Ma Rainey’s Black Bottom, an adaptation of August Wilson’s play, depicts Viola Davis as Ma Rainey, The Mother Of The Blues. The film takes place in 1927 at a recording studio where Ma and her band traveled to complete a new song. Ma Rainey’s Black Bottom was written by Ruben Santiago-Hudson, directed by George C. Wolfe, and produced by Denzel Washington, Todd Black, and Danny Wolf.
Viola Davis portrays the ballsy and domineering Ma Rainey. She is met with opposition from her manager and producer during a recording session. Ma Rainey strives and struggles to be recognized an industry and era dominated by her male counterparts. Nonetheless, she demands respect from everyone that she meets. It is her way or the highway.
Levee played by Chadwick Boseman is one of the band members dealing with deep-rooted emotions from the past. Lee has ambitions that clash with Ma and the band. He is the bitter thorn in her side undermining her creative musical style.
Here are three reasons why I enjoyed the film and one that I am challenged by.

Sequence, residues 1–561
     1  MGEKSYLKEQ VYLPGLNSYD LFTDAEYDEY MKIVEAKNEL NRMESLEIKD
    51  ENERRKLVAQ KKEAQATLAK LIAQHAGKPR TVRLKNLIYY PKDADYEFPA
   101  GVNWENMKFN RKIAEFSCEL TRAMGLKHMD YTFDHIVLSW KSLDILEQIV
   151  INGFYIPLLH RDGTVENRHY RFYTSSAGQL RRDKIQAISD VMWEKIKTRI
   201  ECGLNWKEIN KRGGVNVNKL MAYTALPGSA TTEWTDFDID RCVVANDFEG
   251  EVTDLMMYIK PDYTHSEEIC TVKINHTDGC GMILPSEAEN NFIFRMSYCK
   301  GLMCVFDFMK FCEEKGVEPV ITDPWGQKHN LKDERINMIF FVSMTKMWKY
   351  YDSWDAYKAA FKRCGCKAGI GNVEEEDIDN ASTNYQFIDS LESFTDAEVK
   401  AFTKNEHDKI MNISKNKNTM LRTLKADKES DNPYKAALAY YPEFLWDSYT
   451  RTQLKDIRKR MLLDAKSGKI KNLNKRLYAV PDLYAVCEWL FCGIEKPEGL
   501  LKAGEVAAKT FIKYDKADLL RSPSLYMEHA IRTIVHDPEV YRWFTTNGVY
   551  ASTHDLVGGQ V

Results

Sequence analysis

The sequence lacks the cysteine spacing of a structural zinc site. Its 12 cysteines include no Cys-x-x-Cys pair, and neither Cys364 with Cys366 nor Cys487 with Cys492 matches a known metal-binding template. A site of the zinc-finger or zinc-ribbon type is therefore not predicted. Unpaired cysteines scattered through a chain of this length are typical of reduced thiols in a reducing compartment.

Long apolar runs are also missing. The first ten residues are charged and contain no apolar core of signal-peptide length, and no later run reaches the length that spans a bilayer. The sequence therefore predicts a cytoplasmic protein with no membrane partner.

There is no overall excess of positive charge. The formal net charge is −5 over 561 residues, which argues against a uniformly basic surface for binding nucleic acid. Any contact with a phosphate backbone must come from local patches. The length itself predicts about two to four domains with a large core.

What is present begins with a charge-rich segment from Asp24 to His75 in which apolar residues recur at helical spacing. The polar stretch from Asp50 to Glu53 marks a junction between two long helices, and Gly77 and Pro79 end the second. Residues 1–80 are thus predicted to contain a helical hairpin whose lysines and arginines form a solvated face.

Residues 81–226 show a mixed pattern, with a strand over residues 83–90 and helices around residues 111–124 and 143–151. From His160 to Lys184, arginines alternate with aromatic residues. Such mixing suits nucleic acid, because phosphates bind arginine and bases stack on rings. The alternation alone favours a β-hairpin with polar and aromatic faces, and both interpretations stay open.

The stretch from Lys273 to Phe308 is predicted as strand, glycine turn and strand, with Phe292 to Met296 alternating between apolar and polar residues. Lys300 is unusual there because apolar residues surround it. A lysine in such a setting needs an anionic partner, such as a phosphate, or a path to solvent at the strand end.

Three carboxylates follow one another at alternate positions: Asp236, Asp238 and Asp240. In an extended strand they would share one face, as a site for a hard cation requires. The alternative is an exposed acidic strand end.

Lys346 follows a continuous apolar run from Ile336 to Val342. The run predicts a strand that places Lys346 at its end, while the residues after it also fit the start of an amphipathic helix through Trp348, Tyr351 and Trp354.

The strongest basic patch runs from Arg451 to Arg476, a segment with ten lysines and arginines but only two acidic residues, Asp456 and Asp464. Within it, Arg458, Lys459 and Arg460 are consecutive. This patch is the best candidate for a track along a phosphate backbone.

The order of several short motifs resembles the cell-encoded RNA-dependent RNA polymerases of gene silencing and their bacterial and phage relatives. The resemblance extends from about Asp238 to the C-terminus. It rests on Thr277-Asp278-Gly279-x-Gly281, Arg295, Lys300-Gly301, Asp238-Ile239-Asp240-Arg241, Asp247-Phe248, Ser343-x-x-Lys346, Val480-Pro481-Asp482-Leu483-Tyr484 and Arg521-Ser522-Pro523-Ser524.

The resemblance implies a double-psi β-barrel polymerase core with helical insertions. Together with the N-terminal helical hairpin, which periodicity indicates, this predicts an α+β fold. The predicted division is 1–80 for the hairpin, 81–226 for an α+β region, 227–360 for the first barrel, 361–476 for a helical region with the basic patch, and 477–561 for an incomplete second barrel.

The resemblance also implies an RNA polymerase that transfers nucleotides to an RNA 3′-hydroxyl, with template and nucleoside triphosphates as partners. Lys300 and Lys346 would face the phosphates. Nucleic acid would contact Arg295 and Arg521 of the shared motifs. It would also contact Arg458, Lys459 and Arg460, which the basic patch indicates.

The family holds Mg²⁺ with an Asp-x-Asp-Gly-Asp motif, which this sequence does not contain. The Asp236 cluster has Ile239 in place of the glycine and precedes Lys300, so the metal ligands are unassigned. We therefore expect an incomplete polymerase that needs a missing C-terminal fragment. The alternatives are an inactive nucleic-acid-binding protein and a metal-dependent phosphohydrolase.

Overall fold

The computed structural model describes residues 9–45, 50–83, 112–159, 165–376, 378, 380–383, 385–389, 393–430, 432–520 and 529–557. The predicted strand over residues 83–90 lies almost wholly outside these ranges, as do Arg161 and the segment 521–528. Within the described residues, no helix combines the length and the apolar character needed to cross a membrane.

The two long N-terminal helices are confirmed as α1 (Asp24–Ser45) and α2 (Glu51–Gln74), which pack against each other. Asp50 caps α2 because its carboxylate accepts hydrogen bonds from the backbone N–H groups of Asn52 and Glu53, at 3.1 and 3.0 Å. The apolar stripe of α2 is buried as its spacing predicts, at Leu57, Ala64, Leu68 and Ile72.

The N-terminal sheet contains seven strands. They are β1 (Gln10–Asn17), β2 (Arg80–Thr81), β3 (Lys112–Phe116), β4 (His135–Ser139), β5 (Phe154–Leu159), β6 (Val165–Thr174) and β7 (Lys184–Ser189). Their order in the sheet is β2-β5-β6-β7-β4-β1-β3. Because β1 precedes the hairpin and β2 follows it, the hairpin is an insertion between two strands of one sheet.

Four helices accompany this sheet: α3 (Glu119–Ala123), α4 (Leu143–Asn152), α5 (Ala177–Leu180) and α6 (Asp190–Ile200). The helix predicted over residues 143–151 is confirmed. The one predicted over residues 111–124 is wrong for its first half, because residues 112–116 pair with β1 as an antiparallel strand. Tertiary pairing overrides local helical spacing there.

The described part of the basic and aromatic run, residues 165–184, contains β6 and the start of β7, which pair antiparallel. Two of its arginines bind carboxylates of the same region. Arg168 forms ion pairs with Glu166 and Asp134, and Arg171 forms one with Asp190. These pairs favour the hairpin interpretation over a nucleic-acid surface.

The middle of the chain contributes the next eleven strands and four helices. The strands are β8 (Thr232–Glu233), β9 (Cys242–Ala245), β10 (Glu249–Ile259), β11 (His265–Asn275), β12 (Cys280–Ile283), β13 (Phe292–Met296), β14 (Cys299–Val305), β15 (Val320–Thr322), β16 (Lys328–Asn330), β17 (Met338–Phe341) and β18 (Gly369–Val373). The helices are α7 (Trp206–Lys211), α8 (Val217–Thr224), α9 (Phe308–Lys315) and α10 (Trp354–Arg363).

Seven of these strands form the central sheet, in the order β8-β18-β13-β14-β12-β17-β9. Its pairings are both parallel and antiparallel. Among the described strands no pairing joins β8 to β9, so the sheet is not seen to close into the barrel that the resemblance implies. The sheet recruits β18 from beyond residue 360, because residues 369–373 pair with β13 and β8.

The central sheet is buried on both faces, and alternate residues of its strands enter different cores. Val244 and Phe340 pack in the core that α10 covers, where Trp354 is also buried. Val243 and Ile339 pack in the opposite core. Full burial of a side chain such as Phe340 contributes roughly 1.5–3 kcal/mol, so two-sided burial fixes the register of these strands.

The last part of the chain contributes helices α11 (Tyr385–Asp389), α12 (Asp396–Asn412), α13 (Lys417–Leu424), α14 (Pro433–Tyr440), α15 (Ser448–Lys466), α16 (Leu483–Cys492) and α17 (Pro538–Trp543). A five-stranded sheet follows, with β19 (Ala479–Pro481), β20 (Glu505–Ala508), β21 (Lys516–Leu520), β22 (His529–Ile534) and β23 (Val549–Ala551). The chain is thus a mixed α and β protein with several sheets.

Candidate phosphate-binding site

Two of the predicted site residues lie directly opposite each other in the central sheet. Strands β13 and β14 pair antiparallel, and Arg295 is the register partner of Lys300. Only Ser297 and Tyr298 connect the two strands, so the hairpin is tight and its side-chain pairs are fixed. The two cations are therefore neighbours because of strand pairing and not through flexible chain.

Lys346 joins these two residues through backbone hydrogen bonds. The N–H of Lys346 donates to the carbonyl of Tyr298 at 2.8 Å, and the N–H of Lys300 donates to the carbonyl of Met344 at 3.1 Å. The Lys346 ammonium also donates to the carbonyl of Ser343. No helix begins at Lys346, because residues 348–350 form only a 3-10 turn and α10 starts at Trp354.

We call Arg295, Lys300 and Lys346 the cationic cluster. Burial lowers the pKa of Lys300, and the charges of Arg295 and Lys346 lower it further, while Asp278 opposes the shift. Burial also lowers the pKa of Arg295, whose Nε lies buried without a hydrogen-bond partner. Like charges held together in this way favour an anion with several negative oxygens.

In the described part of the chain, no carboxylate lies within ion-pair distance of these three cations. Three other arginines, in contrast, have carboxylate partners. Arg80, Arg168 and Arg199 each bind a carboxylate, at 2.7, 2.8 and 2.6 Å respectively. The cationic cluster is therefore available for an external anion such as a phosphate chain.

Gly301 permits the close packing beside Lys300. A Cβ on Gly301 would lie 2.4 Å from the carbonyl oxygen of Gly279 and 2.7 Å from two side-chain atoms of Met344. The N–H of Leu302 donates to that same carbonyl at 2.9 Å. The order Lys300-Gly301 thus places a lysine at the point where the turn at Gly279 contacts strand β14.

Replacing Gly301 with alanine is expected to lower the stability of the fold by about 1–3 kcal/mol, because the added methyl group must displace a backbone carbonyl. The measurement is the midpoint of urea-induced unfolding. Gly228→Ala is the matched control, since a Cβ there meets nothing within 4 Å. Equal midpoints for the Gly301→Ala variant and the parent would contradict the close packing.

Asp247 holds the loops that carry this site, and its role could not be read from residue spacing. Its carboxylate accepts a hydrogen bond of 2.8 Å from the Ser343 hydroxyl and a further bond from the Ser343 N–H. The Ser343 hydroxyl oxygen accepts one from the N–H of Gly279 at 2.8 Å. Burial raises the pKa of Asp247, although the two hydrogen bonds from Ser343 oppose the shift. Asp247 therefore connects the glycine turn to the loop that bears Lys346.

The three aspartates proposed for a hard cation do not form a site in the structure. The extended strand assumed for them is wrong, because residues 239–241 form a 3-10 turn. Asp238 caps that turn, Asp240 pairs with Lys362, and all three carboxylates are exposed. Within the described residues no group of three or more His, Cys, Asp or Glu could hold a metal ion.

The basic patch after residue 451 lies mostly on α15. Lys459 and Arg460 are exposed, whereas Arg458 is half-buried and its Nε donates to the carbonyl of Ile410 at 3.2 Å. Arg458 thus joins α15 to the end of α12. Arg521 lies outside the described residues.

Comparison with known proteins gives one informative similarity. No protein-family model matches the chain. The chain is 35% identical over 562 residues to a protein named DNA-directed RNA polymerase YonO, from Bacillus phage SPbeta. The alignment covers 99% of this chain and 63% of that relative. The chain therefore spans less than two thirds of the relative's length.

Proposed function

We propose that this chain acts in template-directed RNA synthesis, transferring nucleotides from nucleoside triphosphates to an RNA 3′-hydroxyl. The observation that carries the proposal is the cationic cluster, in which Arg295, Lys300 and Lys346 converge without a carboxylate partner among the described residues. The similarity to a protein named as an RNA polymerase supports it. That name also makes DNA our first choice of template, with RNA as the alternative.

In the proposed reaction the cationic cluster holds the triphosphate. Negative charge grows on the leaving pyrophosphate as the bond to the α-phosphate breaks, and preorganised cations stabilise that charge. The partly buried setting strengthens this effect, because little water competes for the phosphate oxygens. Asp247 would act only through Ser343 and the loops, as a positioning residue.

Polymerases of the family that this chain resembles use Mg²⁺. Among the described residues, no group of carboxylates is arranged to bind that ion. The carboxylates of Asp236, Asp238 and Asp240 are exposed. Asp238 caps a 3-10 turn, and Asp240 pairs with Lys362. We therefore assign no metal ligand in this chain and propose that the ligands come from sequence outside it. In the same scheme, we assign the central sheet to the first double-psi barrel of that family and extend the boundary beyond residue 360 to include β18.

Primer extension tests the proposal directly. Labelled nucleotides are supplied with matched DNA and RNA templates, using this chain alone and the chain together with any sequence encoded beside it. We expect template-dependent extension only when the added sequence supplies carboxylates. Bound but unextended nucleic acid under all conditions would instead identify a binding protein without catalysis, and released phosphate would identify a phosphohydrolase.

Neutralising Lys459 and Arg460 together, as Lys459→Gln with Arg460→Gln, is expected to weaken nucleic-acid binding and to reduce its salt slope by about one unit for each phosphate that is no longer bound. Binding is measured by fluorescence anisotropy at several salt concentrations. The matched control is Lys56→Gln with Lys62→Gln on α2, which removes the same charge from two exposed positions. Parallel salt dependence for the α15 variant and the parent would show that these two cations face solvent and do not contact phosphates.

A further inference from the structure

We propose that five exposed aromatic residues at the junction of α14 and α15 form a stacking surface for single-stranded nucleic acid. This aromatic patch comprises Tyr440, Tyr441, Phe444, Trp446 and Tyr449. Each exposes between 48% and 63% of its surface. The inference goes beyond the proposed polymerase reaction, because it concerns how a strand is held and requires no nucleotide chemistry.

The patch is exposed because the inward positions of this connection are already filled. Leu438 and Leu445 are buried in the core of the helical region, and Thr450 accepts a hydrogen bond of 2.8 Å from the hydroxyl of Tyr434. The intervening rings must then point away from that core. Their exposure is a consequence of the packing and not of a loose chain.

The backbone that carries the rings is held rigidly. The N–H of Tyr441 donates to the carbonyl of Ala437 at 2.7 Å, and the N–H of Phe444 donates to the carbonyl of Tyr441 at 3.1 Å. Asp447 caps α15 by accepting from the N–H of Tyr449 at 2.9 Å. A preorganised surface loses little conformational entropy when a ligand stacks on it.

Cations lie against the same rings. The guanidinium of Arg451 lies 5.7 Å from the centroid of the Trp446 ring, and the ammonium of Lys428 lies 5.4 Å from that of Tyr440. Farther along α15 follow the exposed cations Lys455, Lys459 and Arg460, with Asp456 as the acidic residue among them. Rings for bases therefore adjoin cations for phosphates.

1. Ma Rainey’s ability to control and command the atmosphere in a male-driven world.
Ma Rainey’s ability to control and command the atmosphere in a male-driven world showed her tenacity to demanding respect for her art and desire for equal treatment.
2. The intense moments between Levee, the band, and Ma ignited my emotions.
Some scenes went from pure gratification to ravenous rage that revealed the dark and deep-rooted past events that plagued Levee. He inflicted that anger on everyone.
3. The Blues tugged at my heart-strings.
The Blues referred to as the story of life’s up and downs and an extraordinary way to paint the scenes and events as they occurred. Ma Rainey belted multi-colored nuances with lyrical, melancholy, gritty, and feisty storylines.
4. Ma Rainey’s drive and fight for respect are still undermined in this film. The storyline focused more on the story of the band than Ma Rainey. The plight of Levee was pushed to the forefront. The struggle of being a woman in a male-dominated world made respect and recognition almost invisible.
Ma Rainey’s Black Bottom is a film packed with elements of an emotional rollercoaster. The struggles and deep-rooted rejection felt by Ma Rainey were evident from the onset of the film. It is a precise depiction of “The Blues”.